The American jazz composer and pianist Thelonious Sphere Monk was born on today’s date in 1917. Largely self-taught, he began playing piano at age 6. At 17, Monk dropped out of New York’s esteemed Stuyvesant High School for gifted students to serve as organist for a touring evangelist. In his 20s, he became the house pianist at Minton's, a Manhattan jazz nightclub.
Monk’s original compositions, marked by dissonances and angular twists of melody, became jazz standards. They also had great titles: “’Round Midnight,” “Straight, No Chaser,” “Ruby My Dear,” and “Well, You Needn’t.”
Monk made the cover of TIME magazine and is credited with being the second-most-recorded jazz composer after Duke Ellington.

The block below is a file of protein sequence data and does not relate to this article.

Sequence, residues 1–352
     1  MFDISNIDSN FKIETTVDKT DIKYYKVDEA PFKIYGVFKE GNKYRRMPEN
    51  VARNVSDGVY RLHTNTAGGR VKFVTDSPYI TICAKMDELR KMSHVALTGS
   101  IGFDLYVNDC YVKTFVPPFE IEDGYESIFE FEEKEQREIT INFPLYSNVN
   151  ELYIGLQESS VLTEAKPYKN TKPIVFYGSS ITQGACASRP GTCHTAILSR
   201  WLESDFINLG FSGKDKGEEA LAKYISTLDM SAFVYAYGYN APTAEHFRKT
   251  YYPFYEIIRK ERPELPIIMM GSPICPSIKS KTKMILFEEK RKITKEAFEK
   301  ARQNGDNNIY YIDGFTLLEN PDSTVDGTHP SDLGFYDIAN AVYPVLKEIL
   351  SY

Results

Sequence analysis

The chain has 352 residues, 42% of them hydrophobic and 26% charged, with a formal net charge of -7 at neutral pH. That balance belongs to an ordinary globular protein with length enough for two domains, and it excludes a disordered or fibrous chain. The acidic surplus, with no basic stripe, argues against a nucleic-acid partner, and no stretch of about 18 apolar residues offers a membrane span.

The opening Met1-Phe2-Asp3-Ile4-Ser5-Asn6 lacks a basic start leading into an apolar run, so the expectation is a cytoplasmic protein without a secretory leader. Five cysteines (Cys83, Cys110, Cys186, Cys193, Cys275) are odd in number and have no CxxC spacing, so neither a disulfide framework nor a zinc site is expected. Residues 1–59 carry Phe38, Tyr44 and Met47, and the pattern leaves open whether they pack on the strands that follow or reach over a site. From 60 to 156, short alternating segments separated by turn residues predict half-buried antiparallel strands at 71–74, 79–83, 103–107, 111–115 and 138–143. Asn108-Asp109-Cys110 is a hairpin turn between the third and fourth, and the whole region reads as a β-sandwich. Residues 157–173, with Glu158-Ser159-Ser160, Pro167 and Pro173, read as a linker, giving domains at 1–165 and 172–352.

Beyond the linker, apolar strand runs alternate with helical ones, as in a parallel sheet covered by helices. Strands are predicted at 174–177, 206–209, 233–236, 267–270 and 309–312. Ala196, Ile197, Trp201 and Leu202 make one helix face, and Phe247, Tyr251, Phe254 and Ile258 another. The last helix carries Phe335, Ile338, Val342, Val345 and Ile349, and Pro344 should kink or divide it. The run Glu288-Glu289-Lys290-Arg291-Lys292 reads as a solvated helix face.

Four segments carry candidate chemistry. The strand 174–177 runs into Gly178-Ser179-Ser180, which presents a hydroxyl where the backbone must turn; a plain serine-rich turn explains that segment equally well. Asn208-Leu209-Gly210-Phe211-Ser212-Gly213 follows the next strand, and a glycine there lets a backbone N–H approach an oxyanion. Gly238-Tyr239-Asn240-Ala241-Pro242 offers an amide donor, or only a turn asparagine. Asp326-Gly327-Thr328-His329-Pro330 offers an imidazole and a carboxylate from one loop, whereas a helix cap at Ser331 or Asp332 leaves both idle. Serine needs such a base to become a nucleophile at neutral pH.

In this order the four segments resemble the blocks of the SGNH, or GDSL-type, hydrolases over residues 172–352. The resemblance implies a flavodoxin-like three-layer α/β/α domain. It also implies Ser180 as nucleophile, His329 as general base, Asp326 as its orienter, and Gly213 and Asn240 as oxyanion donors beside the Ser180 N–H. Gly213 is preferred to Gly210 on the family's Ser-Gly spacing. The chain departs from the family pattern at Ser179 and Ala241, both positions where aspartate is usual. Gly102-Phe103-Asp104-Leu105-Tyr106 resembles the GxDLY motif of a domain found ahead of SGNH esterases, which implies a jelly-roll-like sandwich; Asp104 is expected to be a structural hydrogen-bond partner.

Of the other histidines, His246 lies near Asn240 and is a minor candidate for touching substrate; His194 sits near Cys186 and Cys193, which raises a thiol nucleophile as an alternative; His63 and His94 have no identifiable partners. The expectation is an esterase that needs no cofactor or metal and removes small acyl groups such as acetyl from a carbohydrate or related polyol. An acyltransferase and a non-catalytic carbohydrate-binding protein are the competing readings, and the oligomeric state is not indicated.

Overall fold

Monk's biographer Robin D.G. Kelly, who spent 14 years researching Monk’s life and music, said, “He was Janus-faced [looking backwards and forwards] … Monk pulled as much from his roots, the old-style [stride] piano traditions he never left, as from the really futuristic musical territory he was the first to visit. He's always going to be associated with the founding of Bebop, with Charlie Parker and Dizzy Gillespie. I don't place him on the Bebop school, though—I place him in his OWN school. “
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